Once you’ve worked the balm into all the creases, gently wipe the boot down until there’s just a thin film of balm on the shoe. Buff it with a horsehair brush, let them dry for ten minutes, and they’re good to go. How often you should condition the boots depends on how often you wear them, but given how moist Thursday Chrome already is you should be fine with caring for the boots two or three times per year.
Thursday Captain Boot Sole
I mentioned the nifty, studded rubber outsole and after a lot of wear I found it offered excellent traction, as expected. It looks a lot like the Dainite sole on the Higgins Mill, but Thursday makes their own rubber that works just as well, in my experience. I wore these during several particularly grueling storms and didn’t once find myself skittering into a gutter, as I have with other brands.
Sure, those studs might not be quite as “classic” as a smooth leather or oak sole, but it’s pretty low profile and far from ostentatious. (Plus the studs on the heel form a neat little smiley face.)
The sole is secured to the boot with a classic 360-degree Goodyear welt, widely considered the best way to welt boots. It’s durable, water resistant, and most notably it makes the boots far easier to resole so that they are really built to last. A lot of competitors go with 270 degrees, leaving the heel without stitches running around its base, because some guys find a slimmer heel more aesthetically appealing. As I mentioned earlier, this is a very subtle welt and unlike some bulkier boots, the sole doesn’t extend particularly far from the vamp at all. All this means Thursday welts their boots in an aesthetically pleasing way that works great with a 360-degree welt without looking too “functional.”
So that’s the outsole. Then there’s a cork-bed midsole, an anti-fatigue steel shank for arch support, soft leather lining on the inside, and their secret sauce: the “Dura EVA” comfort strip. This is the key to Thursday’s famous comfort. Often used in athletic shoes, the EVA comfort strip has been updated and upgraded many times throughout several iterations of their boots. Today it’s called a custom made Dura EVA comfort strip, which Thursday says has a bit more bounce than older models.
Thursday Captain Boot Fit & Sizing
I’m between 11.5 and 12 on a Brannock device and while all my sneakers are 12, almost all of my boots are 11, because it’s super common for boots to run large. That’s my size in Red Wings, Wolverine, and lo and behold, it’s my size in Thursday Captains.
They’re available in two widths, and the approach here is a little unusual. “D” is considered the normal width for boots, and widths go B, C, D, E, EE, and EEE. Thursday threw all that out the window, offering just two widths: Standard, for D or E widths, and Wide for EE or EEE widths. They say the D is “slightly wider in a few areas to make the fit more comfortable” and state,
Many customers who wear EE widths have had success ordering ½ size larger to accommodate their feet for footwear in our Standard width. Similarly, many customers who purchase C widths have had success ordering ½ size smaller to accommodate their feet for footwear in our Standard width.
Thursday sells direct to consumers so it’s tough to try before you buy, but they’ve got free shipping and returns anywhere in the U.S., so you shouldn’t feel nervous about accidentally getting the wrong width or size.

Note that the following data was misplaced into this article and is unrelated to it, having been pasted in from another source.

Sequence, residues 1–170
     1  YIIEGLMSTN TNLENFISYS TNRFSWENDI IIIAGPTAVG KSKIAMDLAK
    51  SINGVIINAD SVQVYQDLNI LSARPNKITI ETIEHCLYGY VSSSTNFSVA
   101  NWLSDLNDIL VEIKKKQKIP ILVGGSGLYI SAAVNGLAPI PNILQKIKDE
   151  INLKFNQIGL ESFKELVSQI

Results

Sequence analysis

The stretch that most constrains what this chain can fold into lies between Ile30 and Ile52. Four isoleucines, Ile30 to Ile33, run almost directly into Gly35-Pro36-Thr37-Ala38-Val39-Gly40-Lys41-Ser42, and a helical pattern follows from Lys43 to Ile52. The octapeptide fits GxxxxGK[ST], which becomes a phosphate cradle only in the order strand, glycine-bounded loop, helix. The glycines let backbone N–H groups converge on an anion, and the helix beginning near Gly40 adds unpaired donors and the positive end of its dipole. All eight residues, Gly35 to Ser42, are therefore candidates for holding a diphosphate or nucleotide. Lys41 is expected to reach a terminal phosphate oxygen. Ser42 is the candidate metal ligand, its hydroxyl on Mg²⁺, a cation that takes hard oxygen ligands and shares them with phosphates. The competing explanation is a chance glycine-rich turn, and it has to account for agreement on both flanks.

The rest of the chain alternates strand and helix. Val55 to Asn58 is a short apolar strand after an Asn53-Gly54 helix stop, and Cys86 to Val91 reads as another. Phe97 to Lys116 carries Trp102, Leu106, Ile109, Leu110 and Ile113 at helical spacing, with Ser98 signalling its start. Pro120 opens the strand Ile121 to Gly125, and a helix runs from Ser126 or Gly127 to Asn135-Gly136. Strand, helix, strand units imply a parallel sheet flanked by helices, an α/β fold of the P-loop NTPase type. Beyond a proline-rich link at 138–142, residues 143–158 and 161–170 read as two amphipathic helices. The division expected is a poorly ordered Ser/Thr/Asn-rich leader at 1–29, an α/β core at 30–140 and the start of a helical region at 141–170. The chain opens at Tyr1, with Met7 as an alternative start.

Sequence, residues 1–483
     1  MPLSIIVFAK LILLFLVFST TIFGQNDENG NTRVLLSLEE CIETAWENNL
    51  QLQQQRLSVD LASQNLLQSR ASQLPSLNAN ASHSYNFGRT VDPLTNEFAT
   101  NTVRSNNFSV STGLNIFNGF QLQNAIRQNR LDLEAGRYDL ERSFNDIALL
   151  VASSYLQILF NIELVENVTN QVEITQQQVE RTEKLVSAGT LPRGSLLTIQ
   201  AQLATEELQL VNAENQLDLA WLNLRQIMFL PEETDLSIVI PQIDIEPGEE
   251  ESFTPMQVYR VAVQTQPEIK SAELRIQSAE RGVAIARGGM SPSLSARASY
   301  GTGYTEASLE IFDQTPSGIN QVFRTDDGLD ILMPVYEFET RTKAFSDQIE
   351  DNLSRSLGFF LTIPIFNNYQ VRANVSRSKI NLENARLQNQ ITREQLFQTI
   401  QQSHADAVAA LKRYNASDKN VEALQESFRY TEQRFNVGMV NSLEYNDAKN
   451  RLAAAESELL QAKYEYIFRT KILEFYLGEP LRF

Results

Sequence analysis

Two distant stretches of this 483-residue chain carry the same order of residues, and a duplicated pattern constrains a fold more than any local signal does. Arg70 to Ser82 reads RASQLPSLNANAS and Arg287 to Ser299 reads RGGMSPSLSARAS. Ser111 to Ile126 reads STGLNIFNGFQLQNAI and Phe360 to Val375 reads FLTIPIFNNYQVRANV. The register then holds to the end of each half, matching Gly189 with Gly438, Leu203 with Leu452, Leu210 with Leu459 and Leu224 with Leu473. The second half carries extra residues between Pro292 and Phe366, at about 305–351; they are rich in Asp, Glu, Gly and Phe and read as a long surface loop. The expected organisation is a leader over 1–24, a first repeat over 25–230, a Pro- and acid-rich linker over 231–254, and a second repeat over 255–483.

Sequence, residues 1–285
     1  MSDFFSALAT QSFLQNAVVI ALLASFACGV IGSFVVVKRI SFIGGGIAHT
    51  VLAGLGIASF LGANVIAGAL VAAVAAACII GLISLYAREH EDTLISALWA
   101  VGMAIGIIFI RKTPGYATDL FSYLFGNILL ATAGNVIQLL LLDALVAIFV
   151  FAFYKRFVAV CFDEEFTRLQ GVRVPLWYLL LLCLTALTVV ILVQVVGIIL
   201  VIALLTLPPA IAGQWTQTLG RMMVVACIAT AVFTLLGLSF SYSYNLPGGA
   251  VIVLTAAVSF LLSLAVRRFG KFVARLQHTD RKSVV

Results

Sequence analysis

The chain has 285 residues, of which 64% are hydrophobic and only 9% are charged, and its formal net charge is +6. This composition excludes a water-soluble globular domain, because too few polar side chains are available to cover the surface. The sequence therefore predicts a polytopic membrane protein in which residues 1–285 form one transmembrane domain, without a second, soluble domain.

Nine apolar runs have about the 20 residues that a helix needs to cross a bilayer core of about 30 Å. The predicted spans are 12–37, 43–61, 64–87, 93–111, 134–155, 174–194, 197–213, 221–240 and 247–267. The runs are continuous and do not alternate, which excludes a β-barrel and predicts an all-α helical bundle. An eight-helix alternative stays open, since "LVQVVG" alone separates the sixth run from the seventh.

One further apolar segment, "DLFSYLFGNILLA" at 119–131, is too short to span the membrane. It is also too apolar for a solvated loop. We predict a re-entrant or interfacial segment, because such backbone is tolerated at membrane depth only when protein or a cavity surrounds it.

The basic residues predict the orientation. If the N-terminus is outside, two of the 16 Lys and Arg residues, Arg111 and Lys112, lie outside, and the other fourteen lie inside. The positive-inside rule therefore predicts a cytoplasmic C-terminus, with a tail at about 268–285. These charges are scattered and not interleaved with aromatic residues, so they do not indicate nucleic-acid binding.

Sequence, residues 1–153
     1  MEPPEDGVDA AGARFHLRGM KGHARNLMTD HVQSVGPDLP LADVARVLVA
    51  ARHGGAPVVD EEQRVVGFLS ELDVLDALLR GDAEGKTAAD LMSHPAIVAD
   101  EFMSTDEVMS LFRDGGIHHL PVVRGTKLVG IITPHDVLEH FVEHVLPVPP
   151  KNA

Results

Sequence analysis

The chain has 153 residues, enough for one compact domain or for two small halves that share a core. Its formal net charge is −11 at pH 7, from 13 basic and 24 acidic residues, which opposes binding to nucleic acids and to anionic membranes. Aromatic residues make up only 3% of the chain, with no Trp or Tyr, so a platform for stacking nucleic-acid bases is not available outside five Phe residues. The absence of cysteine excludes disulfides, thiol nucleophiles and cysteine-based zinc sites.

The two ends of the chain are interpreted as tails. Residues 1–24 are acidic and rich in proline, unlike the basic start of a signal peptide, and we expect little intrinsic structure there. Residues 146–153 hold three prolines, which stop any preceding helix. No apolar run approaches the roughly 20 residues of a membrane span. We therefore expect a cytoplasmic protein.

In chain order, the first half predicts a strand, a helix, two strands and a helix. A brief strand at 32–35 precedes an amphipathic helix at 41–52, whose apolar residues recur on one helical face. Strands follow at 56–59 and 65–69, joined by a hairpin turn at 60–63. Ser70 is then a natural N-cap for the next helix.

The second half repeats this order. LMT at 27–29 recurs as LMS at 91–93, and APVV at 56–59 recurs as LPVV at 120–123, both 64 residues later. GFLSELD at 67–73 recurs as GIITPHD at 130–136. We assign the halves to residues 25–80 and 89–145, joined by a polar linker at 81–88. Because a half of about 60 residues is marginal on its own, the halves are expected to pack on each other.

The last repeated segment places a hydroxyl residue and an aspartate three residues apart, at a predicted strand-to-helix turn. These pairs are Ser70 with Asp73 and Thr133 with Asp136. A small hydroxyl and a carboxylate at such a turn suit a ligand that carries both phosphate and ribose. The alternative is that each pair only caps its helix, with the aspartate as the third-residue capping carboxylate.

The leather did not need much breaking in. The outsole didn’t need breaking in. But the insole + cork + Dura EVA combo did take a few wears to conform to my feet. The first time I wore these boots, I was a little put off by the combination of cork-bed and comfort strip, which felt a little like I was walking on sand.
Be patient. All my concerns melted away as the insole and midsole molded to the shape of my foot over a few wears and ultimately felt like I was wearing a sneaker. There’s a ton going into the comfort here: leather lining, Dura EVA strip, cork-bed midsole, and shank. That’s some very serious and totally unique dedication to comfort and the Captain succeeds on all fronts in this regard. Thursday went the extra mile and it shows.
Thursday Captain Boot Price
Thursday’s pricing is freaking incredible. The Captain and practically all of their boots are $199 on both their official site and Amazon, an insane steal for the quality and comfort. Given the quality of the materials and the construction, they are offering an exceptional deal. I doubt they could be making much profit on these boots with their current prices, but as a consumer, I can’t say I’m complaining much.
Thursday Captain Boot: To Buy or Not to By?
These boots have full hide leather from American cows, Goodyear welts, superb grip, surprising durability, and irresistible comfort. When I heard this leather was similar to Chromexcel I was expecting something that looked great but scratched easily. But I’ve been wearing these boots for a really long time and I’ve even taken them on a lengthy trip to Colombia. I really put them through the ringer and while they’re not unmarked, I was very impressed by how much punishment they could take while looking relatively well cared for.
The main criticisms I can see someone having are that these aren’t really the boots you’d want for hiking or outdoor work, the insole and midsole isn’t the good old fashioned leather and cork used by the legacy brands, and since they sell direct to consumer, you can’t try them on for size before buying them. (But again, returns are free, so I wouldn’t sweat it.)
It’s also true that nobody really knows how well these boots age because they’re such a young company — there are no ten-year-old Thursdays out there. But based on the construction and leather quality, my bet is that these will measure up well against the bigger brands.
While nothing is perfect, no other boot in the industry has impressed me the way the Captain has. The welt, durability, design, comfort, brand, and above all the price have completely seduced me.
A lot of critics look at Thursday’s price tag and warn, “You’ll get what you pay for.” With the Captain, you get much, much more.